Controlled release of peptide from biodegradable platforms for cardiovascular applications.
Ng, Xu Wen.
Date of Issue2013
School of Materials Science and Engineering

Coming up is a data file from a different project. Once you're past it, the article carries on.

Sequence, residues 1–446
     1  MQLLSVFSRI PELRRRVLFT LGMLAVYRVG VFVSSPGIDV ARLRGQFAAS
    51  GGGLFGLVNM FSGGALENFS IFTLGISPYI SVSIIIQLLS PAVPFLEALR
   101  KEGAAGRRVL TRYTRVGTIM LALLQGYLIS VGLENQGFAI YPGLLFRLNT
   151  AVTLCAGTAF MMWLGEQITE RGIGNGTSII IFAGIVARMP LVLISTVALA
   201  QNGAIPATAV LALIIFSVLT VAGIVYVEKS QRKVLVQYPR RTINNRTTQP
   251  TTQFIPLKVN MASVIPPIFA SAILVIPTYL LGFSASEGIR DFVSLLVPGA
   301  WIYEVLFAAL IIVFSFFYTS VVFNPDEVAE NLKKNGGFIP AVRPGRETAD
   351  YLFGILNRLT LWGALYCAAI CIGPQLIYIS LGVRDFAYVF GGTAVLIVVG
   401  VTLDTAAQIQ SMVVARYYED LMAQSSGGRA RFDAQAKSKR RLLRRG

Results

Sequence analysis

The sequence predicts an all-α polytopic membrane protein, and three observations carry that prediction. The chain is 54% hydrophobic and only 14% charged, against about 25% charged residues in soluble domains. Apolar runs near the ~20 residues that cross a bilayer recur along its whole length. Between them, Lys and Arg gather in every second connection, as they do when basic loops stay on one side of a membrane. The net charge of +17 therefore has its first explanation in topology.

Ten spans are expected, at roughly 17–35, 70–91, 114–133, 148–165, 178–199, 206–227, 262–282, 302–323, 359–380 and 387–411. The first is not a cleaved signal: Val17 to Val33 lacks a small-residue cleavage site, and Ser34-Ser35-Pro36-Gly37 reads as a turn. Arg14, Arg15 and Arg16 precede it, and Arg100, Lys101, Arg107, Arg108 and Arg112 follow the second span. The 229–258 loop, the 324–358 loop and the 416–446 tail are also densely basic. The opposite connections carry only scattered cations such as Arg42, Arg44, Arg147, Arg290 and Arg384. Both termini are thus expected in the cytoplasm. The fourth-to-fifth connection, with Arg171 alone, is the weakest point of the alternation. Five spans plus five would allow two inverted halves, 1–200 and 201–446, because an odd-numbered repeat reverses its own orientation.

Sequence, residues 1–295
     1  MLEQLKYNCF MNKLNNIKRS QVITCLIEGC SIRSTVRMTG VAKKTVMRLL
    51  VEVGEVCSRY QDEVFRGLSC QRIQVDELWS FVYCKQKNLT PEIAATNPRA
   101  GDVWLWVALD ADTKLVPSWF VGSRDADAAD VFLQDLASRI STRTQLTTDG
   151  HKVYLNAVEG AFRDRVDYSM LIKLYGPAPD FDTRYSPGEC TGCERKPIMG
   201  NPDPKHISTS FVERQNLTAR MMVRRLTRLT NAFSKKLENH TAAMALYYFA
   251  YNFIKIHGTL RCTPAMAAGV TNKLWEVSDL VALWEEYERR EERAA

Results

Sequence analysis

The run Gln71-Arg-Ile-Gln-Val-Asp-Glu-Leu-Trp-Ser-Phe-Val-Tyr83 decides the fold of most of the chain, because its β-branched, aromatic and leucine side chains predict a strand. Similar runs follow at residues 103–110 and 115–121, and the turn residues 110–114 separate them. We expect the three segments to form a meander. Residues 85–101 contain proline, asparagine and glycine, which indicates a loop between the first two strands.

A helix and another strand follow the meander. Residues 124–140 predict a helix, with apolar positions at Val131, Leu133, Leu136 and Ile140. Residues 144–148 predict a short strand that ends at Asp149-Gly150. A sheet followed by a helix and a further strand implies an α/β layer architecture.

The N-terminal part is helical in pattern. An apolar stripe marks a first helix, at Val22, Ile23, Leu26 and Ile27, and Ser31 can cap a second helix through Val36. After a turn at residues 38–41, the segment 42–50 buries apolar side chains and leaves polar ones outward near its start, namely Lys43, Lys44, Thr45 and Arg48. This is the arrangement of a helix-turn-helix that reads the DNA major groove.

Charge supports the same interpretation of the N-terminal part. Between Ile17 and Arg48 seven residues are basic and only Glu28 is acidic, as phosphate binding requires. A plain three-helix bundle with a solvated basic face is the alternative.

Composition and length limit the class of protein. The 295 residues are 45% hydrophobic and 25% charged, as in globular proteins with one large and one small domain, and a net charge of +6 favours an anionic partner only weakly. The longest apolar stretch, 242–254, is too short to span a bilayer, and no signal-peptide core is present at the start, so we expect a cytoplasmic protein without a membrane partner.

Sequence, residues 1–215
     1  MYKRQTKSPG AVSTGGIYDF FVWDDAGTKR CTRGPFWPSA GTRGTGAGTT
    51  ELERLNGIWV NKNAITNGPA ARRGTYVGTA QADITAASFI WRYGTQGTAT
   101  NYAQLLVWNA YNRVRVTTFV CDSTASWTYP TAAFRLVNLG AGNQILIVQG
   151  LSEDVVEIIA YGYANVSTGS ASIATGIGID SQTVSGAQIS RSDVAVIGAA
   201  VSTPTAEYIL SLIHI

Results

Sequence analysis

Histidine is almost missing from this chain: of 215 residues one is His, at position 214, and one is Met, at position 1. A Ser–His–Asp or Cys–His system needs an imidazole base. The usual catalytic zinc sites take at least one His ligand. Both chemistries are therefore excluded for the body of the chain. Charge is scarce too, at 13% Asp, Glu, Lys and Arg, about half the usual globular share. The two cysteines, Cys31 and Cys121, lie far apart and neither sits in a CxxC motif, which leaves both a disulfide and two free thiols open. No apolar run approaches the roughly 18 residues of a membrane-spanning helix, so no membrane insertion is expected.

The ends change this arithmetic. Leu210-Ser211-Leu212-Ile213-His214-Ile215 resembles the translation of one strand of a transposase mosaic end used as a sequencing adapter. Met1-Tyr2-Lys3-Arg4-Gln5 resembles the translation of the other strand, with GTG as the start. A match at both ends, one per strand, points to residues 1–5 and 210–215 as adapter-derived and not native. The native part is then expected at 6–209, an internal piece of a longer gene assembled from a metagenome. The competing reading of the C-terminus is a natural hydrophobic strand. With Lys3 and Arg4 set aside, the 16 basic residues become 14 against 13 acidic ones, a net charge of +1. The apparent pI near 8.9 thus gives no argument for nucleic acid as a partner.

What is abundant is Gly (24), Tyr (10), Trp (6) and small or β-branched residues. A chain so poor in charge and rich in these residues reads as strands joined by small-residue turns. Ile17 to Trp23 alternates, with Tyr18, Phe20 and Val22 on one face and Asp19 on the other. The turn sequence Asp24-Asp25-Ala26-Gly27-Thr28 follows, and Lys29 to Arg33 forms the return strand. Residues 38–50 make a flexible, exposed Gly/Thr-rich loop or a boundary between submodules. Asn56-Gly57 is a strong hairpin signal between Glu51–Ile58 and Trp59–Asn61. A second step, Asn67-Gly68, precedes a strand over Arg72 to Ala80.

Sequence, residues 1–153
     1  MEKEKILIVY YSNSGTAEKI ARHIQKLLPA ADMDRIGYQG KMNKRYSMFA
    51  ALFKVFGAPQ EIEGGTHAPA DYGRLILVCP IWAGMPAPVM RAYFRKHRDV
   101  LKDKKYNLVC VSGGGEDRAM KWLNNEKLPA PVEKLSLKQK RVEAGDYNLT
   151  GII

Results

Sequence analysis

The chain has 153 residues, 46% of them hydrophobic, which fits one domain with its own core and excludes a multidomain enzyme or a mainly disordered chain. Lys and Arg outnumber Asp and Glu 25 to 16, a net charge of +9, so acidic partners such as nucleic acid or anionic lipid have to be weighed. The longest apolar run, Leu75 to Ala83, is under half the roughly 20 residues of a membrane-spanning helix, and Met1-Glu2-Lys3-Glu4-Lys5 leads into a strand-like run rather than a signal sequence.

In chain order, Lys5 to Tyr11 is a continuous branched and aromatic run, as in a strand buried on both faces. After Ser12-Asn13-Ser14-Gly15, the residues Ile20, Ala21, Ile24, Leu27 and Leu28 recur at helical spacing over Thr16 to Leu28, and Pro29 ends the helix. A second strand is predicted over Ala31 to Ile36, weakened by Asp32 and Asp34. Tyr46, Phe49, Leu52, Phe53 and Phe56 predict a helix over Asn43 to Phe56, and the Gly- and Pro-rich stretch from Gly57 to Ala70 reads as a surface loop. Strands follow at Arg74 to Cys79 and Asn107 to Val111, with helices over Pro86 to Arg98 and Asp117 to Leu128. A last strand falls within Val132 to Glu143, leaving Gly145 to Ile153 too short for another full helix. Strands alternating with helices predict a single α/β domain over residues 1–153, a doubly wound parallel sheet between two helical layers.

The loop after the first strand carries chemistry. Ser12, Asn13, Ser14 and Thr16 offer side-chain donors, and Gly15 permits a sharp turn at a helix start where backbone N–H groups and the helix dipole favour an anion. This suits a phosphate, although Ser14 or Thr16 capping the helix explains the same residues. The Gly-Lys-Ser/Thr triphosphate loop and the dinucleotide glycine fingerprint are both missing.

Cenderitide, also known as CD-NP, is a designer peptide developed by Mayo Clinic for treating cardiovascular pathologies. CD-NP is synthesized by combining native mammalian c-type natriuretic peptide (CNP) and a C-terminus isolated from the dendroapis natriuretic peptide (DNP) of the venom of green mamba. Currently, the clinical means of administering CD-NP is via intravenous or subcutaneous injection. However, such administration is low in patient compliance and results in high wastage. This thesis presents the development of a controlled release system for the administration of CD-NP over a sustained period of time. Due to difficulty in solubilizing hydrophilic CD-NP, two co-solvent systems were explored for the encapsulation of CD-NP in polymeric matrix. In the first co-solvent system consisting of ethanol and dichloromethane (DCM), sustained release of CD-NP from PCL-based formulation was achieved for 30 days. The release rates of CD-NP were further manipulated through the addition of polyethylene glycol (PEG) and copolymers of poly (e-caprolactone) with PEG. The addition of these excipients resulted in increase in the initial CD-NP release. A detailed investigation on the surface morphology of films, degradation characteristics and kinetics of release was carried out and the coleaching of CD-NP with excipient was singled out as the key factor for the increase in the initial release. In the second co-solvent system consisting of water and DCM, two emulsification conditions were studied due to the immiscibility of the two solvents. The results demonstrate that different emulsification conditions dramatically affected the initial release of peptide, where a difference of 5-fold was observed. This observation was attributed to difference in peptide aggregation and degree of porous formation under the two emulsification conditions. Subsequently, the combined effects of emulsification condition and excipient addition were investigated. The addition of PEG and copolymer reduced the effects of emulsification on peptide release due to colocalization of excipients with peptide, which redistributed CD-NP throughout the matrix. In literature, CD-NP had been reported to possess anti-fibrotic and anti-proliferative properties. However, these studies lack systematic understanding on the extent of CDNP's actions on cardiac cells in vitro. In this work, the anti-fibrotic capability of CDNP was explored through the study of CD-NP's interactions with the human cardiac fibroblast (HCF) cells. First, we studied the effects of CD-NP on HCF and elucidated the extent of CD-NP inhibition on HCF. Single dose CD-NP exhibited inhibition of hyperplasia HCF for up to 24 hours but was ineffective on hypertrophic HCF. Multiple doses CD-NP sustained the inhibition of hyperplasia HCF for 5 days for the highest concentration. Moreover, multiple doses of CD-NP at highest concentration exhibit inhibition of hypertrophic HCF by the third dose. We also studied the anti-proliferative capability of CD-NP by incubating CD-NP with the human coronary smooth muscle cells (HCaSMCs). We found that the inhibitory effects of CD-NP on HCaSMCs were limited compared to HFC. After elucidating the effects of CD-NP on the two cardiac cell types, we moved to understand the effects of CD-NP released from the controlled release systems on HCF and HCaSMCs. The bioactivity of released peptide was verified from the elevateproduction of cyclic guanosine monophospate (cGMP) in both HCF and HCaSMCs. To understand the effects of continuous release CD-NP, selected films releasing CDNP were incubated with the HCF. The sustained delivery ofCD-NP from formulations manufactured from Water/DCM co-solvent system showed superior suppressive actions on HCF compared to daily infusion of CD-NP. Furthermore, we investigated the effects of excipient addition on encapsulated CD-NP. The addition of excipients did not result in loss of bioactivity in the released CD-NP, which signified that the addition of excipients could be used as modifier or stabilizer in peptide release profiles. The results suggest that development of CD-NP releasing films or devices could be used to inhibit fibrosis and reduce cardiac remodeling in future studies.